The franchise has had this going since the beginning. The Showa-era shows original through Kamen Rider BLACK RX explicitly took place in the same universe, and the previous Riders would often show up near the end of the latest series to help out the current hero.
The movies produced in the hiatus years Shin Kamen Rider: Kamen Rider Decade deliberately says that the Heisei shows all occupy their own separate universe Great Shocker, which crosses over with the entire Showa-era universe as well.
Movie War also adds Kamen Rider Double to the mix. Then Kamen Rider Fourze decided to just bite the bullet and imply at the end of episode 2 that every show in the franchise is set in the same universe, with Word of God saying that they're going to Retcon the elements of Decade that didn't work.
ZO and J fight a multi-seasonal batch of monsters in Kamen Rider World 8-minute theme park thingy, may not be canonical but never said not to be, and not contradicting anything which puts all three hiatus movies yes, Shin provided a monster into old-school KR continuity.
Kuuga's mention of a Professor Hongo and an imitation of him, which means he must have known the Hongo put Kuuga and Agito into it as well. However, Decade makes the multiverse more complicated with its alternate universes bearing variable resemblance to — and rarely literally being — the worlds of the actual series it's crossing over with.
We even get Black and Black RX as separate worlds, as well as Kuuga and Agito, with alternate versions of some of the same people. Some Decade worlds have versions of Riders of other worlds with no dimension-hopping.
It's the second Ryuga we meet, and no, the first wasn't in the World of Ryuki, either. Decade's own Mind Screw -itiude and A Wizard Did It attitude makes it nigh useless for working out continuity issues or finally answering which of your favorite Riders can kick the other's ass. Post-Decade teamup occasions not requiring any dimension-hopping as it was with pre-Decade teamup occasions would seem to have all things Kamen Rider in one universe, with past Riders still out there after they leave our sight like any character in any show who has been Put on a Bus.
As closest anyone can figure, here's how the Kamen Rider multiverse seems to work: The Heisei era shows from Kuuga to Kiva plus most of their movies appeared to each take place in their own continuity, so completely separate were they, with the notable exception of Kiva and Den-O the second Den-O movie has the Kiva gang cameo, and Kiva himself joins in the final battle and the possible exception of Kuuga and Agito there's a reference, and there are a few points that take some Fan Wank to make fit neatly.Dear Twitpic Community - thank you for all the wonderful photos you have taken over the years.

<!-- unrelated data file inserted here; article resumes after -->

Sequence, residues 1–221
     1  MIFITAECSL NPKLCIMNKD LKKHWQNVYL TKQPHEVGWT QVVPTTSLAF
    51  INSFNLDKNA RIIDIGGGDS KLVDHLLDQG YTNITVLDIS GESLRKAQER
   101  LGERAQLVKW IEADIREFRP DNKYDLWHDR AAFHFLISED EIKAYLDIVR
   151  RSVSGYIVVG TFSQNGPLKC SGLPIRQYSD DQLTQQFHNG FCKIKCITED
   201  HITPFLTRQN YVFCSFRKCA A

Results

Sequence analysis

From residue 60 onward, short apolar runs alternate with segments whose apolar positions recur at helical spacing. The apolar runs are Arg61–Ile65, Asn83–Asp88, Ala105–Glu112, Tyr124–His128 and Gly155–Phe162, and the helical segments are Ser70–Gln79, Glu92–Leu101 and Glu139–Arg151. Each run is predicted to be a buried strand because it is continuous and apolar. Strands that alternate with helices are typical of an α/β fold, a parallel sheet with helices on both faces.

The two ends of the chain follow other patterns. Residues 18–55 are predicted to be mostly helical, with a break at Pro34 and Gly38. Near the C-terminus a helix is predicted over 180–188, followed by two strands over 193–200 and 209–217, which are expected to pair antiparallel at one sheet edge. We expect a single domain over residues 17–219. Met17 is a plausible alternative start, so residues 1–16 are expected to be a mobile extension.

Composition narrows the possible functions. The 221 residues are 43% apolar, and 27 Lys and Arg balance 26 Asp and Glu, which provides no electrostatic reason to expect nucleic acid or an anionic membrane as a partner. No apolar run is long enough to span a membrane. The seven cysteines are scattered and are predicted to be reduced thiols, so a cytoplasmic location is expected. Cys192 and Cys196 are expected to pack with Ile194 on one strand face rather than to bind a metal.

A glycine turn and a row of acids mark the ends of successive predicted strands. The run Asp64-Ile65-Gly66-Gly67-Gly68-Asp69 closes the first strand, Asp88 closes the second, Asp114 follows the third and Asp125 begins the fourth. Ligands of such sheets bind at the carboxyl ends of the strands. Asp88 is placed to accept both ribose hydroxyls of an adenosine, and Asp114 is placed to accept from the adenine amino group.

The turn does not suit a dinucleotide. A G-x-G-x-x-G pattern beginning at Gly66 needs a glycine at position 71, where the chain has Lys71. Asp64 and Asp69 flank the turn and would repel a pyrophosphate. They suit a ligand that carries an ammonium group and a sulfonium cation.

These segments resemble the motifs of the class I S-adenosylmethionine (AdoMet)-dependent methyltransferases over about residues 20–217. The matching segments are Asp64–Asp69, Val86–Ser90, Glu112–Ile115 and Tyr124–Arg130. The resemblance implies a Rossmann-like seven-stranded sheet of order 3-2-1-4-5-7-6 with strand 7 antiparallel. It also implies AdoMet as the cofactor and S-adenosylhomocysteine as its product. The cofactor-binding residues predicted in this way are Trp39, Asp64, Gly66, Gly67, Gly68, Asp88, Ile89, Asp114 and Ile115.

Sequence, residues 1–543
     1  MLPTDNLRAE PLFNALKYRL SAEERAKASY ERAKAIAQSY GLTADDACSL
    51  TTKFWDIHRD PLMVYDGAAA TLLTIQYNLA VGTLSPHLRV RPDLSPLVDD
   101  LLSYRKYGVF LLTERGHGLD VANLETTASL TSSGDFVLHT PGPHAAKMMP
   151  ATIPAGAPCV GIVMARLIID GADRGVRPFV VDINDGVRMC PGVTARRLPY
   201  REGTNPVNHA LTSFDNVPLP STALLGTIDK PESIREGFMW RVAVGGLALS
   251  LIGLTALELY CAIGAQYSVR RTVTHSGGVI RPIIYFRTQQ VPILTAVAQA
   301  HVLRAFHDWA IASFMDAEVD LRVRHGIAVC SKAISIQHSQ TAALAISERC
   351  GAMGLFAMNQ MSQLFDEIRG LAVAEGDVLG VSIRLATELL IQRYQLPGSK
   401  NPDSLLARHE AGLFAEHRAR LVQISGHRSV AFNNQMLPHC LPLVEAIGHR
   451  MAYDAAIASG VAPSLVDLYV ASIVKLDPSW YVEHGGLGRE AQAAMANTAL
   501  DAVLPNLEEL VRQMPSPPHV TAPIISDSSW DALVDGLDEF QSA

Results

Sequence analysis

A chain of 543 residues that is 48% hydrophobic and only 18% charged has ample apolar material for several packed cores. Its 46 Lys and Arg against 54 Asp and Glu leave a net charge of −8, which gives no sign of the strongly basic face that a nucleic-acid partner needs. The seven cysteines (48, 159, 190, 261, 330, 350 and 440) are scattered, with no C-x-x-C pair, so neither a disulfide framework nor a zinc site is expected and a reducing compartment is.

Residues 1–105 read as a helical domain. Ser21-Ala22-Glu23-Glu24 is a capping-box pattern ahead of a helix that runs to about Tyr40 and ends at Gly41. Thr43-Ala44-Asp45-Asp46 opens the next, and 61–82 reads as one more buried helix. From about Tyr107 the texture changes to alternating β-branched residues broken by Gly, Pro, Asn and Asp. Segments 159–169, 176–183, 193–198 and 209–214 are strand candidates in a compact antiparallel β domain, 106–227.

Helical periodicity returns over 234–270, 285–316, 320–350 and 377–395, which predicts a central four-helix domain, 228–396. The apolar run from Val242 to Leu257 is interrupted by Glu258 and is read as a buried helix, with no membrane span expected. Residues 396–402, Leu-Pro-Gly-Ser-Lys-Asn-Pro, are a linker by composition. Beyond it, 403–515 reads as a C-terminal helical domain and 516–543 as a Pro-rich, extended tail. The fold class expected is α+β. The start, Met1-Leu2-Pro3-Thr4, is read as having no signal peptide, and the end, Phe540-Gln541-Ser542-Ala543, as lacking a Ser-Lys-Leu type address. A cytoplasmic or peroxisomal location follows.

We have now placed Twitpic in an archived state. timberdesignmag.com offers free public-domain books online for all to use. Ranging from children's books, environmental studies, birds and birding, to Boston history and philosophy, we have a lot to offer!
Murder on the Orient Express is a detective novel by British writer Agatha Christie featuring the Belgian detective Hercule timberdesignmag.com was first published in the United Kingdom by the Collins Crime Club on 1 January In the United States, it was published on 28 February , under the title of Murder in the Calais Coach, by Dodd, Mead and Company.
The UK edition retailed at seven.
Essays and criticism on Agatha Christie's The Mousetrap - Critical Evaluation. Essay Agatha Christie. Murder of Roger Ackroyd, The; The Moving Finger. Agatha Christie. A Pocket Full of Rye.
Essays and criticism on Agatha Christie's The Murder of Roger Ackroyd - Critical Essays. Murder of Roger Ackroyd, The; The Moving Finger.
Agatha Christie. A Pocket Full of Rye. Agatha Christie. Mar 28, · The Ageless Agatha Christie: Essays on the Mysteries and the Legacy () edited by J. C. Bernthal Source: Review Copy (McFarland & Company Inc.) I was excited to get my hands on this essay collection, which is the ‘first major scholarly collection of essays on Christie in English.’.